Neuse River CCA NC chapter donates cameras to WRC officers

Donald Willis presents a Moultrie i50 camera to Officer David dMidyette

Some of the cameras given to WRC division nine officers to help curb wildlife violations.

 

By Rip Woodin

CCA NC Editor

When N.C. Wildlife Resources Officer Tyler Ingle told his New Bern friend, Donald Willis, that the agency needed some cameras to help stop wildlife violations, the tackle store owner quickly said, “CCA NC can help.”

Willis, who owns Custom Marine Fabrication, started calling members of the Neuse River chapter of CCA NC. Within a few days Dr. Jay Singleton, Avery Corning and Willis had raised more than enough money to buy nine Moultrie 50i infrared cameras for the four officers in division nine who cover Craven, Carteret and Pamlico Counties. Since the division already had three of the cameras, the additional nine will enable each officer to place three “eyes” on creeks, hunting trails and boat ramps to catch violators.

“We’ll put the cameras in spots we can’t be 24/7,” said Senior Officer Ingle. Those “spots,” he explained, could be on inland creeks to watch for illegal commercial fishing. They could photograph duck hunters shooting over baited water, watch a field for spotlighting deer after dark or they could monitor access areas for littering, vandalism and drug deals, Ingle said.

Any moving object or person trips the infrared sensor and triggers a photograph, he said. The officers will periodically check the cameras, download the images and see whether any violations have been recorded. A photo of a boat number, license plate or a person can help tremendously in an investigation, added Master Officer David Midyette, another of the four officers in division nine.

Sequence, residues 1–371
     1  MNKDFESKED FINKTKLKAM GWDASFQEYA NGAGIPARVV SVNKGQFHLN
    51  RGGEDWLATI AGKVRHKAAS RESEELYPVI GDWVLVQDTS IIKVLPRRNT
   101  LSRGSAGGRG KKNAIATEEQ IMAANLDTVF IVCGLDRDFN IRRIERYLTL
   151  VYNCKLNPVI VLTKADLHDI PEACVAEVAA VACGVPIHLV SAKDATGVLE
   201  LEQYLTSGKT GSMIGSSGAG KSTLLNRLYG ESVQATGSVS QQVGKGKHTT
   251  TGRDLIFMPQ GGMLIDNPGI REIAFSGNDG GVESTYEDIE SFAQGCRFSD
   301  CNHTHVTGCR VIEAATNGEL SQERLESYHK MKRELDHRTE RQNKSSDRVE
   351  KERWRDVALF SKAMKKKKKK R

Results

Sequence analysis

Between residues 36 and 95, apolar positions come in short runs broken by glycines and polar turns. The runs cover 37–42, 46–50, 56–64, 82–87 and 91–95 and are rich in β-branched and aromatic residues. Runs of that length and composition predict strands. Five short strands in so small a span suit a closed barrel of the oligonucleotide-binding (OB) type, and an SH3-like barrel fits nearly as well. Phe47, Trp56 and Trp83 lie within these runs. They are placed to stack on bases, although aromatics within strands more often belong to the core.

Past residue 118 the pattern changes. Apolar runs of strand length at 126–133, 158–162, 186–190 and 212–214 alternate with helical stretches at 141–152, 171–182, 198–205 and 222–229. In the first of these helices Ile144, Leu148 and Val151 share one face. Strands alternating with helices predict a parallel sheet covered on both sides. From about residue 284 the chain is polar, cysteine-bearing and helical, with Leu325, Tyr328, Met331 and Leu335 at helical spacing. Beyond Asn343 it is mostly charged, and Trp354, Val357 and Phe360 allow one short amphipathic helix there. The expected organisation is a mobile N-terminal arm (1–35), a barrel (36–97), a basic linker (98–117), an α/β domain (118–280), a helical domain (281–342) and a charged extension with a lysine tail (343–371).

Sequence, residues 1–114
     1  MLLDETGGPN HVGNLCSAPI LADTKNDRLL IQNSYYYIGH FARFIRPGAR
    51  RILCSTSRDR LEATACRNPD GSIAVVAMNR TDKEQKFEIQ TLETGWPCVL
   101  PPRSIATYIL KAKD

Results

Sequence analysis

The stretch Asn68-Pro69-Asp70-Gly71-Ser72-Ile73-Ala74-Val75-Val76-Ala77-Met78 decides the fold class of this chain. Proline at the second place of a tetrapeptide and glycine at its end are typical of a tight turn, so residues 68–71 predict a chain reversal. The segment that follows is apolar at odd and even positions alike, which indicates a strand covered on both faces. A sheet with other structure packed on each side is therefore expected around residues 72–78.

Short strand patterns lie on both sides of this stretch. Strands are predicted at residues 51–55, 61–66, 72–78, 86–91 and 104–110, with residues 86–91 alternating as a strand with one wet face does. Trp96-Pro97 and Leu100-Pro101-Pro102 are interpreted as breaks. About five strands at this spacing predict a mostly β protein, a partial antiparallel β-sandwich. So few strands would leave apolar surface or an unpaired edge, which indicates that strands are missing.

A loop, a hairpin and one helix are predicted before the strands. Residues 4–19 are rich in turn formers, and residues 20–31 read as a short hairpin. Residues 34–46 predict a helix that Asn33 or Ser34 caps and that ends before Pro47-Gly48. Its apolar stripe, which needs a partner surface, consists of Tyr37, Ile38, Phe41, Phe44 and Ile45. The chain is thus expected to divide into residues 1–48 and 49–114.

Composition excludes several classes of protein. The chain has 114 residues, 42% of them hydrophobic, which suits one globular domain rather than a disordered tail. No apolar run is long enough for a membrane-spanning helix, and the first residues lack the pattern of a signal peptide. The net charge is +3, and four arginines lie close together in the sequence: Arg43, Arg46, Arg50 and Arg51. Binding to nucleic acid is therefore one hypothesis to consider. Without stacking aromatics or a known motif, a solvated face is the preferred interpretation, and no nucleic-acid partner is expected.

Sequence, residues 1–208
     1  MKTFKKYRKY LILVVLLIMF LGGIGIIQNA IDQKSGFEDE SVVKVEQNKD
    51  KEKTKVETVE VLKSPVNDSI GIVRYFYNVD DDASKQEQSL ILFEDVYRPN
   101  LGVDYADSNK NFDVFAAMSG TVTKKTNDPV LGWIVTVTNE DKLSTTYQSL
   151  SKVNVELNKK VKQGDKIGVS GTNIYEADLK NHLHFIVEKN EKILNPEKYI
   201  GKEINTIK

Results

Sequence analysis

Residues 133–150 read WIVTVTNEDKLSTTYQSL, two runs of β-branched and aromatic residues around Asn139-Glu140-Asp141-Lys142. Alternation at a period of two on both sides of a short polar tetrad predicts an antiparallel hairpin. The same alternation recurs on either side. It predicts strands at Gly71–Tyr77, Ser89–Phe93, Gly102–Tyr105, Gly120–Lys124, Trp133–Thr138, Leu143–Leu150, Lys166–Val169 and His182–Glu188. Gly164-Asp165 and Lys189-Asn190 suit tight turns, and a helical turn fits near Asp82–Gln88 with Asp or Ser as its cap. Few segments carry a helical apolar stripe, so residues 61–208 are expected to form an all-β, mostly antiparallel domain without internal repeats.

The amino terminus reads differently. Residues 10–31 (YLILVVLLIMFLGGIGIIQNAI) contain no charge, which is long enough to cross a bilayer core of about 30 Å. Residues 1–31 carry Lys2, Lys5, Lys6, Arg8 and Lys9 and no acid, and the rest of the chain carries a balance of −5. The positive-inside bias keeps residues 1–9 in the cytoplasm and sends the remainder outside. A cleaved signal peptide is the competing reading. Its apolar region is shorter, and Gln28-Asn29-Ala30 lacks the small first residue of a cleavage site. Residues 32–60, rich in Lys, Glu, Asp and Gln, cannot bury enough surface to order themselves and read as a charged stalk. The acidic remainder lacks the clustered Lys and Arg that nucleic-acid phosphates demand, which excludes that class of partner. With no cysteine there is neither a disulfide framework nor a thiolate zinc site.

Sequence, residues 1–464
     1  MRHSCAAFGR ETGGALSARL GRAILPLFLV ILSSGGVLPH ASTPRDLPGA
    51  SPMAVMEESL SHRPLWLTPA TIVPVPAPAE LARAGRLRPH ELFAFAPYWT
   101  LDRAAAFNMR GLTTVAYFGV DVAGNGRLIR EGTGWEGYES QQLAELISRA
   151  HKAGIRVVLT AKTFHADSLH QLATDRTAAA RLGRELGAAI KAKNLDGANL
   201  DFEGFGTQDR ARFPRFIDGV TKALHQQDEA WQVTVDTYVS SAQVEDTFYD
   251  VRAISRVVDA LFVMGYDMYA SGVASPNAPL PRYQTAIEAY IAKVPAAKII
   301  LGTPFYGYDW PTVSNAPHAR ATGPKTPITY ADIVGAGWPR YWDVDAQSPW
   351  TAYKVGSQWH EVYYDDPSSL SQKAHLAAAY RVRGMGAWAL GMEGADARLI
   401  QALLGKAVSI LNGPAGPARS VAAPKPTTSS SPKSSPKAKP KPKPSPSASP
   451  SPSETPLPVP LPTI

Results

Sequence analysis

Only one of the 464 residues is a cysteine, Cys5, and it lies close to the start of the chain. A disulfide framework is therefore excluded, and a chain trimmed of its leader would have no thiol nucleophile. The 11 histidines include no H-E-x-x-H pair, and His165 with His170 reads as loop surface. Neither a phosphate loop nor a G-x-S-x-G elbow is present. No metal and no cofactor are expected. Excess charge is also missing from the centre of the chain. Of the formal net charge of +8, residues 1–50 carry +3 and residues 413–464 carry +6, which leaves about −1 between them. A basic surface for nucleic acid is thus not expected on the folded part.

From L-R: Ron Zielinski, Officer David Midyette, Avery Corning, Donald Willis, CCA NC Executive Director David Sneed, CCA NC Chairman Billy Byrd, Officer Tyler Ingle

Cameras are extra items that the WRC’s statewide budget can’t usually afford after buying trucks and boats, Ingle said. “So some officers buy their own cameras. Donald wanted to help us crack down on violators so this is another way the community can get involved,” he added. While the tip line is the primary lead for wildlife misdeeds, the cameras will help considerably.

Although the common infractions are misdemeanors, fines can add up, Midyette said. Besides $180 in court costs, an illegally harvested animal or fish is assigned a dollar value. He recalled a case where a fisherman had 380 fish over the limit. Each fish was valued at $12 so the total fine approached $5,000. “The tip line really works,” Midyette added.

Because the chapter was so successful in fundraising, Willis called the manufacturer of “Plot Watcher” cameras and got a reduced price for a dozen of the time-lapse cameras that store photos in a video file. “You can watch an entire day in about five minutes,” Ingle said.

The Neuse River chapter has raised over $5,000 to help agencies with their enforcement efforts. “We’re here to do what we can to help,” said Willis, who is also a statewide CCA NC vice-president. “I’m humbled by what our members have been able to do. These cameras are to stop poaching, not stop anything legal,” he said, adding that several eastern Carolina fishing clubs also helped raise money for the donation.

Helping agencies and individuals in need is not new for Willis. After Hurricane Florence devastated New Bern, Willis called Yeti and got 100 coolers donated so organizations along the coast distributing food could keep it cold while the power was out.

CCA NC Chairman Billy Byrd of Greenville praised the donations of the Neuse River chapter, saying the members have made a difference in the effort to protect the state’s wildlife and marine resources. “These are good guys,” he added.